Seven years ago at the Australian Open, Novak Djokovic battled past Rafael Nadal in a historic, marathon final.
On Sunday it was the same end result but more like a 20-meter sprint thanks to Djokovic’s brilliance.
The Serb crushed a shell-shocked Nadal in front of a stunned Rod Laver Arena 6-3 6-2 6-3 to become the first man in Australian Open history to amass seven titles.
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That five hour, 53-minute contest in 2012 that at times left both men gasping for air and led to, unusually, organizers giving them chairs during the trophy presentation? Nowhere to be found.
Instead the world No. 1 needed a mere two hours, four minutes to see off the second-ranked Nadal in what was the most lopsided men’s final in Melbourne in games since Andre Agassi surrendered five to Germany’s Rainer Schuettler in 2003.
Djokovic won all but 13 of his service points, registering 34 winners overall and a minuscule nine unforced errors after routing Lucas Pouille in the semifinals.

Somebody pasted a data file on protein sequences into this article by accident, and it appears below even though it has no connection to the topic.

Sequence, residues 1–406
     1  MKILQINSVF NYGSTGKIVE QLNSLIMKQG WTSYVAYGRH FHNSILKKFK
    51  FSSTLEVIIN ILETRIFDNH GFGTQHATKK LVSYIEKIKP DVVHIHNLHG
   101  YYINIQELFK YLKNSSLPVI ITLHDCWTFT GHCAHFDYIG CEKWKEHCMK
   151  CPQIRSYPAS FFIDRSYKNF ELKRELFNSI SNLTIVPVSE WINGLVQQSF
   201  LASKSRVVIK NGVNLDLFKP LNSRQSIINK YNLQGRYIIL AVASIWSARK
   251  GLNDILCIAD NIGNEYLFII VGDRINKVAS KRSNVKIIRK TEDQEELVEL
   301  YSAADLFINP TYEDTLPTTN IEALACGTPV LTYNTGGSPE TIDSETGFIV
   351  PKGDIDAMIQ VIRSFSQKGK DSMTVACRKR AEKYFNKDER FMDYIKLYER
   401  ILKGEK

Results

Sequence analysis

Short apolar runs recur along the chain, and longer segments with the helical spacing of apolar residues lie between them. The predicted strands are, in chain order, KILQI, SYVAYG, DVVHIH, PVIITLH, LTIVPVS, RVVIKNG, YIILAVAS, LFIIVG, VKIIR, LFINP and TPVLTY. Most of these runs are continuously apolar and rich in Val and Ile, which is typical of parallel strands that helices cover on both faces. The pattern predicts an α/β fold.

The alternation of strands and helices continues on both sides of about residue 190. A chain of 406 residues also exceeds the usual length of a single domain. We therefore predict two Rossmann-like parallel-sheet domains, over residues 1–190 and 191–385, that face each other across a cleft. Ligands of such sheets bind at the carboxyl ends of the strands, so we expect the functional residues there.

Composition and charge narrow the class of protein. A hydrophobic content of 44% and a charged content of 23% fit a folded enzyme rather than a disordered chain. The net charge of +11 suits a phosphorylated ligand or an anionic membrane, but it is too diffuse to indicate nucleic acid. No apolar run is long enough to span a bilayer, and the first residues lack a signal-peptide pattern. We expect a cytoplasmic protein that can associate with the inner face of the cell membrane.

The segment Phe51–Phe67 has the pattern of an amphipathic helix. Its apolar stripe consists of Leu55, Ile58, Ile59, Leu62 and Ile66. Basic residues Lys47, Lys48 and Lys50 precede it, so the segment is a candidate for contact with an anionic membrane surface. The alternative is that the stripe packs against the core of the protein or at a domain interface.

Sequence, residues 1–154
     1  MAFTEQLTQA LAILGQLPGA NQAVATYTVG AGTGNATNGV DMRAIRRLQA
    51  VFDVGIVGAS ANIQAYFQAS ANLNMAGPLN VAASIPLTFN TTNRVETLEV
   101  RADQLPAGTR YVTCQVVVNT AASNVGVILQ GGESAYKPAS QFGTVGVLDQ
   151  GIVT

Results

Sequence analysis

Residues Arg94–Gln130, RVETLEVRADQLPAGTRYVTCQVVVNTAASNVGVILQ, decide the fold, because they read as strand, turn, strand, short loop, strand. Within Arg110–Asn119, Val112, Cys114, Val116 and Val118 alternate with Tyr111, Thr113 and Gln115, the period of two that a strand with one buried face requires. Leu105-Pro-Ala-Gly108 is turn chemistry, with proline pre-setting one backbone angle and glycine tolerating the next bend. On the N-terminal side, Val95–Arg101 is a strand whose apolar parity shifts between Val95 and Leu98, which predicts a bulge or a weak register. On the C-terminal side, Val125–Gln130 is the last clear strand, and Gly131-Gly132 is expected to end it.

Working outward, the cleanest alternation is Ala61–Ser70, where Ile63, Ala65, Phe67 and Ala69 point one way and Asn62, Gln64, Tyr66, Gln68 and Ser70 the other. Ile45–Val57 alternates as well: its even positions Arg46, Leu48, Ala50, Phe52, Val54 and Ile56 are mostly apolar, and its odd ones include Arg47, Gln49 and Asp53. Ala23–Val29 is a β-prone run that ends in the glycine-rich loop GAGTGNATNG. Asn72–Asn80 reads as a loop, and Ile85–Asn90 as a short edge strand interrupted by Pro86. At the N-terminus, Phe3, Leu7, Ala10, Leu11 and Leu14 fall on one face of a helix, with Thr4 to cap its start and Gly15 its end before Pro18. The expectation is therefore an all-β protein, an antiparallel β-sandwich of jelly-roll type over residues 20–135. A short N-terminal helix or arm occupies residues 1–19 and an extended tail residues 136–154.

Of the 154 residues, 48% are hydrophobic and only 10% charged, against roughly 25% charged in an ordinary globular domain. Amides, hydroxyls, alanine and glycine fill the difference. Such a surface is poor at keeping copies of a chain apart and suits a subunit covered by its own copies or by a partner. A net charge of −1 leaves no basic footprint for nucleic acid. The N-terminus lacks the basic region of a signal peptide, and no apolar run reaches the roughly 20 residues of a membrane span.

About the only thing he got wrong Sunday was speculating he made 15 unforced errors in the last two matches. It was actually 14.
“It’s quite pleasantly surprising to myself, even though I always believe I can play this way, visualize myself playing this way,” said Djokovic. “At this level under the circumstances, it was truly a perfect match.”
He took sole possession of third place on the all-time men’s list with 15 majors – passing Agassi’s chief rival Pete Sampras – and pulled to within two of Nadal and five of leader Roger Federer.